On Tuesday, April 25, 2017 at 1:49:04 PM UTC+3, Gervase Markham wrote:
> One guiding principle I have found useful here is "what if the Internet
> were invented by the Russians, and Latin was the script late to the
> party?". I am trying to avoid doing anything to Cyrillic that I would
> think were unfair were it done to Latin if the boot were on the other foot.
If internet was invented in a Cyrillic using country, then the whole domain would have been in Cyrillic, not only the different parts of it.
I'm from such a country (Cyrillic alphabet) and I find mixed domains useless. I mean mixed like "www.cyrillic-part.com". Am I expected to switch my keyboard to type the domain name in the URL bar?
Do you want, in case DNS was invented by a country with a Cyrillic alphabet, to type parts in Latin and parts in Cyrillic?
I don't care that many people bought mixed charset domains. Let them buy non-mixed ones and resolve the issue long-term. I want (as a technical user) to have ability to recognize when domains are using mixed charsets easily.
It is strange for me to see many Latin only users blocking any progress of this issue because potentially non-latin users would be alienated. If you are concerned about this, then as your non-latin users what they want. You are just guessing and blocking any sensible decision. There are polls and other strategies that can be used.
IMO, at the very least, there should be some highlighting when domain uses mixed charsets, no matter whether in single component of the domain name or not. This is pretty much equal treating IMO and wouldn't kill anybody.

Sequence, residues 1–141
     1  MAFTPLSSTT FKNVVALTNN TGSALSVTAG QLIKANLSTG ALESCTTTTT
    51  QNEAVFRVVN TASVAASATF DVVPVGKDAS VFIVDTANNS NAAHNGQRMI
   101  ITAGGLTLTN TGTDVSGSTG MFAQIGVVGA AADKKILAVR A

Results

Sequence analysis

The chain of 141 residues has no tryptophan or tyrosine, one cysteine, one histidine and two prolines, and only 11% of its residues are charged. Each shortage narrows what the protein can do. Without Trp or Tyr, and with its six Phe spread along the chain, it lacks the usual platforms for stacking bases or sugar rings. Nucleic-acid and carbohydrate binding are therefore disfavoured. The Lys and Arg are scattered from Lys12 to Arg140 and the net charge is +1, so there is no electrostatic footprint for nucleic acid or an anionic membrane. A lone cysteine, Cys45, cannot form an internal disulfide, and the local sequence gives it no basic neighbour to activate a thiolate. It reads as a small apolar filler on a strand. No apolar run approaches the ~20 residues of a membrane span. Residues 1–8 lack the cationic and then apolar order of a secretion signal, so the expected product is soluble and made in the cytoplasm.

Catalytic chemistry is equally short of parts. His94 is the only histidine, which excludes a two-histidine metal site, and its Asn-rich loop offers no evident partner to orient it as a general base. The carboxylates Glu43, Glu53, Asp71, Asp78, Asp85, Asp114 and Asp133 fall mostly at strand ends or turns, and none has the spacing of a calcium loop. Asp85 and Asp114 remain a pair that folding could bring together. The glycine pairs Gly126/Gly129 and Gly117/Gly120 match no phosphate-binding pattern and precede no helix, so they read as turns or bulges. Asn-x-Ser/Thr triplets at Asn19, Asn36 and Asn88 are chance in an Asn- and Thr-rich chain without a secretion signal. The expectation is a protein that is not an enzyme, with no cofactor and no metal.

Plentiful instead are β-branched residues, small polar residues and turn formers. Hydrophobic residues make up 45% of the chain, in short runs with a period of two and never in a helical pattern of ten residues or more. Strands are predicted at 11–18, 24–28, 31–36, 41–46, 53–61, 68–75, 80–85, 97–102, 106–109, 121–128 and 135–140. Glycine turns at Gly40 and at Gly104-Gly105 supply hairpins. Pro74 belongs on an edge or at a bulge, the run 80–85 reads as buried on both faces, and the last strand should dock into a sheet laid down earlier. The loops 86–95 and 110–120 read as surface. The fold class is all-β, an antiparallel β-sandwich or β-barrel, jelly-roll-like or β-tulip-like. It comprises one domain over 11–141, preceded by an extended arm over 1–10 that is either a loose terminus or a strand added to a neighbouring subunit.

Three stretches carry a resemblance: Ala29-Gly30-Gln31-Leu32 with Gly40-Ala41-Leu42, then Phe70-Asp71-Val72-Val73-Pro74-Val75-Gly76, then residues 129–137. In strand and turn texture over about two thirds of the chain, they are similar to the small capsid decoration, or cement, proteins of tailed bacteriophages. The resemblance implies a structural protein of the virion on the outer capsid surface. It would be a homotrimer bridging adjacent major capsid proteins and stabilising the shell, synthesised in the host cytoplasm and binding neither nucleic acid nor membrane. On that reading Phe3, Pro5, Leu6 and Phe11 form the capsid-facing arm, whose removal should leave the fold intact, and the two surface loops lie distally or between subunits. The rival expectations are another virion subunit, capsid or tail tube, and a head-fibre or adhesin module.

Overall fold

Even better if mixed domains show up in punycode by default but have some UI to switch them to Unicode if user decides. But looking at the sentiment here, I don't really hope about this. At least *please* add some highlighting, no matter what it is, pretty please.
> The trouble with Cyrillic in particular is that there are quite a few
> clashing letters:
> In Russian, you have a, c, e, o, p, x and y. Add in numbers, and you
> have 3, 4 and 6. Cyrillic non-Russian languages add i, j and s, and if
> you go rare/archaic (which may or may not be supported in the font
> and/or noticeably different) you can add d, h, l and v. And that's just
> lowercase. In the worst case, that's 14 of Latin's 26 letters, including
> 4 of the 5 vowels. It would be a significant crimp on Cyrillic domain
> names if all names using only those letters didn't work except in .рф
> and the like.
> > (I'm assuming we already require each component to be
> > single-script.)
> Yes, we do. That is what solves 99% of the problem.
Not really. There are some many high profile sites that can be abused. First things come to my mind ерау.bg and ебау.com
Former is impossible to spot. Latter one needs to carefully look at it. For the "b" also "в" and "ь" could be hard to spot. An icon, different colors of the letters, or whatever will be much more useful. For example a warning icon and when you hover, to show explanation with more info about the problem.
In fact such a warning icon might be a good idea for many occasions. Firefox could detect different kinds of warnings going forward. An interested user (usually technical) would be able to make an informed decision whether the warning is relevant or not.
I'm not suggesting to abandon other long-term solutions that might be better for non-technical users. On the other hand, if Firefox ignores technical users, I doubt it would be good for it. I always preferred Firefox for the ability to make it behave as you want.
Presently quantum blocked many useful plugins for apparently no better stability in my personal observations (yes, had issues with replacements that used new APIs only that made my whole browsing experience a mess until I figured out what's going on). Now lets ignore the need for technical people to be sure in what they read in address bar. I really hope Firefox can be good for technical and non-technical people. Otherwise it will not matter anymore which browser am I using. It could be whatever comes pre-installed.